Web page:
Risk sentiment shifts and fluctuates regularly, and certain currencies tend to benefit from it while others often fall in value. As a rule of thumb, if risk appetite among market participants is high (i.e. risk-on), then traditional safe-haven currencies, such as the Swiss franc and Japanese yen, tend to fall in value. Currencies such as the Australian and New Zealand dollar often rise in value in risk-on market environments.

Risk sentiment shifts and fluctuates regularly

The tricky part about this approach is how to measure the current market risk. Some traders use the VIX index which measures the expected volatility in the stock market, while others like to follow news and headlines to determine whether the sentiment is in risk-on or risk-off. A recent example: The US-China trade war sent shockwaves through the markets and caused a deterioration in risk appetite (i.e. risk-off) among investors and traders.

 

Best Currency Pairs to Trade

Besides determining which currencies are overvalued and undervalued and measuring the current risk sentiment of markets, certain currency pairs often offer better trading opportunities than others regardless of market conditions. Highly-liquid currency pairs, such as EUR/USD, offer tight spreads which reduce trading costs and allow you to enter into the market at any time without or with minimal slippage.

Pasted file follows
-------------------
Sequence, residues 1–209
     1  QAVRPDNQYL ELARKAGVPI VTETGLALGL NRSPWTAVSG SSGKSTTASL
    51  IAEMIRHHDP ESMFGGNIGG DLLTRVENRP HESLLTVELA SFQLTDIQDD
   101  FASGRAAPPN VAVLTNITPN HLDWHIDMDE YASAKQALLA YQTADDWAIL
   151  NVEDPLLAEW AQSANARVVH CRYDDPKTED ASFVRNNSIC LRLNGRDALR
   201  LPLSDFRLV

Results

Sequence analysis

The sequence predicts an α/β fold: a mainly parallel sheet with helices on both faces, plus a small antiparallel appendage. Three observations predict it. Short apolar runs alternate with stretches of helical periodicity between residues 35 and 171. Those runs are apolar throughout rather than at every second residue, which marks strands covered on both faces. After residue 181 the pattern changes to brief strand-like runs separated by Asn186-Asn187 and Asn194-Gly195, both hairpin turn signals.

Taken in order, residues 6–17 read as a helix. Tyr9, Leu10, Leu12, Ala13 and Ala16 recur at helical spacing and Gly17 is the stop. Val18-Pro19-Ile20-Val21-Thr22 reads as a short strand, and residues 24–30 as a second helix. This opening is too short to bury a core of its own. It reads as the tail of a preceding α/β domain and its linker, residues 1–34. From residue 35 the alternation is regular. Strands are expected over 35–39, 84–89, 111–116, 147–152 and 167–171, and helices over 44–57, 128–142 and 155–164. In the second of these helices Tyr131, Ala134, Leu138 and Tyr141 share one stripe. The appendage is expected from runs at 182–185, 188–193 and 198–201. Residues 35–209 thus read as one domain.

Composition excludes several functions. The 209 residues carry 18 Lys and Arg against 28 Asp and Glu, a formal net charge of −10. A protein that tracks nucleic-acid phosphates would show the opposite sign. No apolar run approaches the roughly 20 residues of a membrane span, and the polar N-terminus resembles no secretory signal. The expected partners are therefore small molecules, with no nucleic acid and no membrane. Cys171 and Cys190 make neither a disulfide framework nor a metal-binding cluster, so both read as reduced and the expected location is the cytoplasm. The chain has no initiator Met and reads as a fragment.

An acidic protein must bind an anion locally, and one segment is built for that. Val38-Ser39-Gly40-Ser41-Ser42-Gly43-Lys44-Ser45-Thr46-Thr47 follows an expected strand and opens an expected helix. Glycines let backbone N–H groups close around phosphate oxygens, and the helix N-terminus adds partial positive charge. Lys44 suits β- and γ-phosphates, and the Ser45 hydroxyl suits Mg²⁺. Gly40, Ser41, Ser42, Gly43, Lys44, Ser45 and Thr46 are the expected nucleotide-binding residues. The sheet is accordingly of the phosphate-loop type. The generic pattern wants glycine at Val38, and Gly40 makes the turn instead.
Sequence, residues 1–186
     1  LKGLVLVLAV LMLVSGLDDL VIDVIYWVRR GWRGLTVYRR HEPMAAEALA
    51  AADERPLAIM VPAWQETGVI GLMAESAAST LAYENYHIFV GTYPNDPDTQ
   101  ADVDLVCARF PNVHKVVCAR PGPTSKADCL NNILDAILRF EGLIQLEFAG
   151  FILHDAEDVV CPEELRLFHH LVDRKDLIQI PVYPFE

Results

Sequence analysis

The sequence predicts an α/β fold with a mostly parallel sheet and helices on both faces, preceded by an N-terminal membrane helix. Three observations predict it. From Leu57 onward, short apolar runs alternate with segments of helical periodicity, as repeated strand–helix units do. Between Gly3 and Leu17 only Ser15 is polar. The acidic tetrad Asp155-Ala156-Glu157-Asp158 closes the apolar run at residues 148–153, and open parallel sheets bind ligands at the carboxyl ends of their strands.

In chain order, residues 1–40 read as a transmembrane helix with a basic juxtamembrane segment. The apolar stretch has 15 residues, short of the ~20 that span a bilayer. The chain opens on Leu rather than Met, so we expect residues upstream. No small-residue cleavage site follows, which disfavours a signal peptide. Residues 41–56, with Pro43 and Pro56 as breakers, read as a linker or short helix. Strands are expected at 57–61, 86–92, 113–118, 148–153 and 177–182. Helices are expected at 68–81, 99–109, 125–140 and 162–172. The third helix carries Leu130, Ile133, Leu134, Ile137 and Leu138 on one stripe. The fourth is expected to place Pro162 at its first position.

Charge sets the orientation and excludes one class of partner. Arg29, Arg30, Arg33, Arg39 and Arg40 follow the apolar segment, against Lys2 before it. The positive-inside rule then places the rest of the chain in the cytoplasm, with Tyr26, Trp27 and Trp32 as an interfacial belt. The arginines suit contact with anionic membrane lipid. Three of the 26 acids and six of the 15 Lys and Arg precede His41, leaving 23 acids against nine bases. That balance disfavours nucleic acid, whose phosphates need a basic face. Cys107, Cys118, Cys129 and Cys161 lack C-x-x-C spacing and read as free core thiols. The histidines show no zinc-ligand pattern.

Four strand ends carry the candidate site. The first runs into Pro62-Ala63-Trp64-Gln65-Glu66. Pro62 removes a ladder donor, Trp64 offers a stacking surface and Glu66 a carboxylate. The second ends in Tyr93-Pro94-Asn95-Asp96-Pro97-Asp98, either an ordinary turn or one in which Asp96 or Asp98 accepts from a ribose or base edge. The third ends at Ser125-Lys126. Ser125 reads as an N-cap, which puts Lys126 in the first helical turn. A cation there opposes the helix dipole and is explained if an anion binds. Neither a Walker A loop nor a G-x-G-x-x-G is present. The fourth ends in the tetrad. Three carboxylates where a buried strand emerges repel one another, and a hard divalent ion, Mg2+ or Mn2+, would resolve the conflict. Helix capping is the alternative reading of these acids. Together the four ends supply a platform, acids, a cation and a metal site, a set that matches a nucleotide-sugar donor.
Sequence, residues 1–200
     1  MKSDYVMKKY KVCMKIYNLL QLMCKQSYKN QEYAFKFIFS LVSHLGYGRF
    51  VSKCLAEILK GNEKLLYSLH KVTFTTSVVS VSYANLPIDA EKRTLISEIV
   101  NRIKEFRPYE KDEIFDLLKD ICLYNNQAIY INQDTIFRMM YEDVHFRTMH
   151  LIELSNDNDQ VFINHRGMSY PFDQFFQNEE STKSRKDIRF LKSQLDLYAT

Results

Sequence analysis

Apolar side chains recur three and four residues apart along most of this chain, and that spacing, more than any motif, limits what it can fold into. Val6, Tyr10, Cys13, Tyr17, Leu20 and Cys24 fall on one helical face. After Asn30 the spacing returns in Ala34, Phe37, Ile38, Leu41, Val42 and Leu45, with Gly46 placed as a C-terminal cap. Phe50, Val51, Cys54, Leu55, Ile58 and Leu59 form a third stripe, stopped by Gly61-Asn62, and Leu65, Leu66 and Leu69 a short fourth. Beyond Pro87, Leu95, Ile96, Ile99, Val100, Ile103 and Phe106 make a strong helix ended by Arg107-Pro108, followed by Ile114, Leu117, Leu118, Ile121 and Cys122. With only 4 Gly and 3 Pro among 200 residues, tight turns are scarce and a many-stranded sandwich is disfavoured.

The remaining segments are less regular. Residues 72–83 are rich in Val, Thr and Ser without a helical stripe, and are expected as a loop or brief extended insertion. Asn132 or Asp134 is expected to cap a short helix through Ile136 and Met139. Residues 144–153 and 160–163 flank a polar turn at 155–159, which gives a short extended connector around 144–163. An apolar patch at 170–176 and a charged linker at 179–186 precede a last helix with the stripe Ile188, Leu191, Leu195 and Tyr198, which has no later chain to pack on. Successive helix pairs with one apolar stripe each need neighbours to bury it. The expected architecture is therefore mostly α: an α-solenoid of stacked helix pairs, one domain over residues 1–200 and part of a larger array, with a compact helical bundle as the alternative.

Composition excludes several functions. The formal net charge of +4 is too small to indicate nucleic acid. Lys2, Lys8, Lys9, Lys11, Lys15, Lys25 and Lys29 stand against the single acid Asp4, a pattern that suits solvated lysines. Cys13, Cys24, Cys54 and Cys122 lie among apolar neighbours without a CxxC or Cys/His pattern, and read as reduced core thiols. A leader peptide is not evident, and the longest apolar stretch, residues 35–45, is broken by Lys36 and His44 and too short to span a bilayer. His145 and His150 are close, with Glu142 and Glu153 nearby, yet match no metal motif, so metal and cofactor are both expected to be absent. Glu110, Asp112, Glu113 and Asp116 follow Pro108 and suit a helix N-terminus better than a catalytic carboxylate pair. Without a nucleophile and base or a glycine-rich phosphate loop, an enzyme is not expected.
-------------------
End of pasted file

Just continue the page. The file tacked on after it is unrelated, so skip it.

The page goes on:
Cross pairs, especially those that include the British pound, are often quite volatile and offer a greater profit potential than less-volatile pairs. Exotic currencies take that to an extreme as they’re the most volatile currencies in the market and often carry very high trading costs.

However, traders live on volatility, and those currencies shouldn’t be neglected in trading if you’re an experienced trader.

 

EUR/USD